How important is your newsletter in your marketing efforts? How did you “grow” it? My marketing efforts were horribly unsuccessful before I started a newsletter. Now my newsletter is my main marketing tool. I held off on starting a newsletter for a long while because I don’t enjoy receiving mass emails. But I decided to give it a try and found some success having a newsletter.  I enjoy having direct access to my readers without the filters of social media. And I really love when readers respond with questions or feedback. Feedback from readers makes my heart sing.

Do you read other authors’ newsletters? Who do you “follow?” I don’t usually. I tend to get easily overwhelmed by the constant influx of information. To preserve my sanity, I refrain from  signing up to newsletters, not even for local businesses I frequent.

How well do you balance work/life? Do you have a set routine for writing or do you grab writing time where you can? I’m a workaholic. If it weren’t for my husband cooking and feeding me, I wouldn’t eat most days. I tend to get hyper focused about work and sometimes need to be reminded that other things exist.

As for writing routine, that varies depending on the time of year. I get more writing done during the summer when I’m not teaching. During the school year, my energy is consumed by my creatively-demanding day job, as well as writing and editing up to ten plays a year. During the school year, I often feel like I’m teetering on the edge of burn-out. My husband keeps me sane.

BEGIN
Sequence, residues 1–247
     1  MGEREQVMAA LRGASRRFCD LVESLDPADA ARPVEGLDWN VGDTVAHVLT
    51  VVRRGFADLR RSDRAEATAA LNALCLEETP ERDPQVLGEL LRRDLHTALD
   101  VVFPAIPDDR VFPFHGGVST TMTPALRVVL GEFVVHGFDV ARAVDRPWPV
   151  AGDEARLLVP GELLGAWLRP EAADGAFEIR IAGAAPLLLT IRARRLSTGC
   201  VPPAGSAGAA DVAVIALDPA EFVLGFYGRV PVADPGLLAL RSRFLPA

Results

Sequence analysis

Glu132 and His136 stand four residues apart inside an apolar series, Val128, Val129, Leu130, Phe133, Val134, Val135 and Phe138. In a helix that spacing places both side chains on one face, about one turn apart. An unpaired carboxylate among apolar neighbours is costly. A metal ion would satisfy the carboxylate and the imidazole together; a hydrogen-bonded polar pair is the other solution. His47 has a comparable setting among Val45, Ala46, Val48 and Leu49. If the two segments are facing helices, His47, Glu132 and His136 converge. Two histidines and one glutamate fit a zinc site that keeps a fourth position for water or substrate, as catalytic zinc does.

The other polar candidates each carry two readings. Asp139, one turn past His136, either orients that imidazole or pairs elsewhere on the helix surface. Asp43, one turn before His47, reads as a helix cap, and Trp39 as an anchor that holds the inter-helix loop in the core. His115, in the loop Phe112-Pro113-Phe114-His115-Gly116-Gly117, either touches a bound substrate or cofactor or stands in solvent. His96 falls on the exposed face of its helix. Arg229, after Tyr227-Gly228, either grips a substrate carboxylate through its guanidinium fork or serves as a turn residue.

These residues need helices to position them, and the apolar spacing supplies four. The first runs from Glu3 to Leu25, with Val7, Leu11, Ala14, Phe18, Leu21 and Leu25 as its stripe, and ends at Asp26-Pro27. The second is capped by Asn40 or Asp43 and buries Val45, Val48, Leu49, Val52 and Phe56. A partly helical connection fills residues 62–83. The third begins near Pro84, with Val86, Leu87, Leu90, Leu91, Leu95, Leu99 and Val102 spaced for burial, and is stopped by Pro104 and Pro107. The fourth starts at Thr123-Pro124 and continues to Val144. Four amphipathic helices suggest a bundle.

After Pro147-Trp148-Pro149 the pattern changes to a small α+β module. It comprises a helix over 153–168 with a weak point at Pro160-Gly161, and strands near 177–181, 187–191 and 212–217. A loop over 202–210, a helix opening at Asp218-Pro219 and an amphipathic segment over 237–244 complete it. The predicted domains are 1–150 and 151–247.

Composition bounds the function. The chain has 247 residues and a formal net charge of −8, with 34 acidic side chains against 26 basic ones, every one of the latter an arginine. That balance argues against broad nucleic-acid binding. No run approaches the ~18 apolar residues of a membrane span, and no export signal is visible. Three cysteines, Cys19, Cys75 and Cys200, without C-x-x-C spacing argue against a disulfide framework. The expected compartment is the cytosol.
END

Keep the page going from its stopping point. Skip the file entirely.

As for writing goals, I try to write 500 words a day. Sometimes I far surpass that and sometimes I fall short. On average, I write about 10k words a month.

How easy is coming up with titles for you? Ugh! I hate this part. I’m always second-guessing myself. Fortunately, I have beta readers who are happy to weigh in and some writer friends who will help me narrow it down.

Do you listen to music while you work? Or do you need silence? I definitely need silence to write. Even the sound of the dishwasher can distract me. I will listen to music as a warm-up and just let my mind wander and daydream before I write, but when I’m actually writing, silence is best. If the music has lyrics, I won’t get anything written at all (except maybe a transcription of the lyrics).

What’s next? I have a new series launching in April that I am really excited about. This series is inspired by fairy tales and features strong female leads. The first book, Horrid, has already received rave reviews from advanced readers. I am so excited to launch it!